Key Features to look out for when getting a bank loan


Written By: Adrian Jefferson

Today, we’ll be checking out other key features of bank loans to look out for, apart from the interest rates provided. These are: a free conversion feature; partial prepayment fees; waiver of penalty due to sale of property; cash rebates or legal subsidies; and interest offset schemes. 

Put together, these features might be more important than you think when taking up a home loan, on top of just opting for the bank with the lowest interest rates.

Feature 1: Free conversion within or after lock-in period

This enables you to change your loan package within the same bank without incurring any administrative or conversion fees, which usually range between $500 to $1,000.

If you’re deciding whether to remain with your existing bank or to switch to another bank, this could be a game changer for you. Some banks even grant you this free conversion if they’re offering better rates, within your lock-in period.

Feature 2: No penalty imposed for Early Partial Prepayment within the lock-in period

If this feature is offered by a bank, it essentially means within the lock-in period of your loan,  no fees are charged when you make a partial principal payment for your loan, as long as you notify the bank at least one month in advance.

By making a partial prepayment for your loan, you’ll be paying down your principal amount, reducing your total payable interest for your home loan.

Feature 3: Full or Partial waiver of penalty upon sale of property

Bank loan packages usually come with a lock-in period of two to five years, and if you decide on selling your property within this period, a penalty will be charged – an average of 1.50% of your current loan amount.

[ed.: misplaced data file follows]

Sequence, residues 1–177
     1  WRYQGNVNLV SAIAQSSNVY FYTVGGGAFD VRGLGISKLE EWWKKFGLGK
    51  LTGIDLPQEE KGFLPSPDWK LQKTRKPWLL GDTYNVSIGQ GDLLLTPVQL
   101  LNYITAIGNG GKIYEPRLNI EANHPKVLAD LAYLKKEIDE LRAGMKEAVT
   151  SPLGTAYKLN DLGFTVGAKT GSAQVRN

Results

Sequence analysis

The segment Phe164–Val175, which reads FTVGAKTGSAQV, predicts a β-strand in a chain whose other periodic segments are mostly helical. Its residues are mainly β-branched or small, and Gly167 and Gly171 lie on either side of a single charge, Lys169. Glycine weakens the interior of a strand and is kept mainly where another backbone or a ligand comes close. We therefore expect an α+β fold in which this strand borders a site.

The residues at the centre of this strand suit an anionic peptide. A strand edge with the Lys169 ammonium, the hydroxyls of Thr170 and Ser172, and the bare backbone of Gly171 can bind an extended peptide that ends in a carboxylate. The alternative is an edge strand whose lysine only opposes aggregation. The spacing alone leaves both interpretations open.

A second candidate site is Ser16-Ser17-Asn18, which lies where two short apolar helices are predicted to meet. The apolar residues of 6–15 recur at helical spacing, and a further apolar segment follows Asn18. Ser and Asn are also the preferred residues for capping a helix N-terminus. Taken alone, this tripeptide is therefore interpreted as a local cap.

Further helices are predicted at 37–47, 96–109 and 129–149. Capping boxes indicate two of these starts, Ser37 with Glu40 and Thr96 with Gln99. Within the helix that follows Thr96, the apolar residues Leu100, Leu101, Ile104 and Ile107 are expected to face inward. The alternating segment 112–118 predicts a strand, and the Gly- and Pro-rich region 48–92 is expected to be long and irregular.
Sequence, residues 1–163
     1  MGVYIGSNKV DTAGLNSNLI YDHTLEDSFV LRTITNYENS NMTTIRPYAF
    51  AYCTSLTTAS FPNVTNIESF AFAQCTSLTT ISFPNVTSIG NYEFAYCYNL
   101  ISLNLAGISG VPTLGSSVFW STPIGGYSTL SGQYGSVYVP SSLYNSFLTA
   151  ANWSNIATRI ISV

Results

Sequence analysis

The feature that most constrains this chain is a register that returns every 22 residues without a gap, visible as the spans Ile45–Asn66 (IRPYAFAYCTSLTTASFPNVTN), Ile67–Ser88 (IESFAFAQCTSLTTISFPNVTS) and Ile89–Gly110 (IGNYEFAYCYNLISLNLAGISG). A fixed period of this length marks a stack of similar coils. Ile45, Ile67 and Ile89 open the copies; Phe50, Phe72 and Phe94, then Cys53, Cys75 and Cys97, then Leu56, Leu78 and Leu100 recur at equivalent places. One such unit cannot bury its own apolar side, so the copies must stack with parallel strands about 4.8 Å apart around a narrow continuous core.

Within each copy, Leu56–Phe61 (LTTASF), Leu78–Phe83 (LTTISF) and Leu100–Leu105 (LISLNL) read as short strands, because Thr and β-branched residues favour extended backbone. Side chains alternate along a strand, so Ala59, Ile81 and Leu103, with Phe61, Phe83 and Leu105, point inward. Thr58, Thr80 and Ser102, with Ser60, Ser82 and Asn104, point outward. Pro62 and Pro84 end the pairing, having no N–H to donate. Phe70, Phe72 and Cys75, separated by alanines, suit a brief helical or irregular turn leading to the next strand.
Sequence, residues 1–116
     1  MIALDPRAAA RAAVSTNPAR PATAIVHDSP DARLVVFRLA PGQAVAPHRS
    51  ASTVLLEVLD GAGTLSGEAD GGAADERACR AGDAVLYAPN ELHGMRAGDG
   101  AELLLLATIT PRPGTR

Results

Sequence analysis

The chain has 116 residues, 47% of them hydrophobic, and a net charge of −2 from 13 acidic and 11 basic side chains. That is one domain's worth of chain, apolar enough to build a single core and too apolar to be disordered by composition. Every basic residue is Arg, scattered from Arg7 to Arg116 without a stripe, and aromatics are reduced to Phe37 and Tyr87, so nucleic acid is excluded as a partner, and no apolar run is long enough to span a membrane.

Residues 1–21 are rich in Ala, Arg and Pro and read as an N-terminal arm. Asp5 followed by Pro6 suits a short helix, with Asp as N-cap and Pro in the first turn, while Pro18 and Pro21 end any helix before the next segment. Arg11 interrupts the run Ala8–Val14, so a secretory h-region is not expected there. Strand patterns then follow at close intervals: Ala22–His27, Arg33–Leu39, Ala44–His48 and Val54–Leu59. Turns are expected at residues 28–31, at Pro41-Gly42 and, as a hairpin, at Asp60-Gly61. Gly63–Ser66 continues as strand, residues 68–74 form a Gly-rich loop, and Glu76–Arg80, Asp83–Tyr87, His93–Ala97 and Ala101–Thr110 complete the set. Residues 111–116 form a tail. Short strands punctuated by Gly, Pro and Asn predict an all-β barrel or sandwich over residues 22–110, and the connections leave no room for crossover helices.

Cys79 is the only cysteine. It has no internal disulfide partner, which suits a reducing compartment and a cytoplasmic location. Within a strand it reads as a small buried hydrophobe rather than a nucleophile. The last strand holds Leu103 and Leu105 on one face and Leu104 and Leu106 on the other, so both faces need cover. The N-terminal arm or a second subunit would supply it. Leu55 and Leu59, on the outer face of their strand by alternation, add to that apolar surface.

But some banks will grant you a full or partial waiver, up to 50% off, of those fees charged, as long as you notify the bank at least three months in advance.

This saves you a significant amount of capital which could be used to invest elsewhere!

Feature 4: Cash rebate or legal subsidy

When refinancing your property, costs involved include legal and valuation fees. These fees could work up to a few thousand dollars, depending on your property type. 

To help subsidise this cost, most banks include in their loan packages cash rebates or legal subsidies. It would either be in the form of a cash payment directly to you, or the bank might pay the legal firm directly.  

But the caveat is that there is usually a 3-year clawback period. If you decide to leave the bank within this period, you’d have to repay the bank the full rebate amount – so keep a lookout for such terms in your loan package!

Feature 5: Interest Offset Scheme

Some banks offer an interest offset scheme, in which if you make an additional deposit into the bank, they will grant the same interest rate as your home loan on this amount, up to a certain percentage at 70% of the deposit amount. This way, the interest accrued from your deposit will help to offset the interest on your home loan which effectively allows you to pay lesser interest on your home loan.

For example, Customer A loans $1.5 million for his home from the bank, and he needs to pay an interest of 1.5% a year. He then takes up the interest offset scheme offered by the bank, and deposits $500,000 into the bank. The bank then grants Customer A a 1.5% interest rate on this deposit, up to 70% of $500,000, amounting to $350,000. This $350,000 will then be earning the same interest to offset the interest on his $1.5 million home loan.

Profile of Author

Adrian Jefferson currently serves as the Inhouse Mortgage Specialist for Advisors Alliance Group.
He is a veteran in the mortgage industry for 15years and personally served more than 3500 individual (Including 3 billionaires) and companies on their mortgage portfolios.
Adrian is also a sought after speaker in the Real Estate & Financial Services industry. He believes strongly in adding value and equipping home owners with updated mortgage information so as allowing them to make informed decision on their mortgage needs.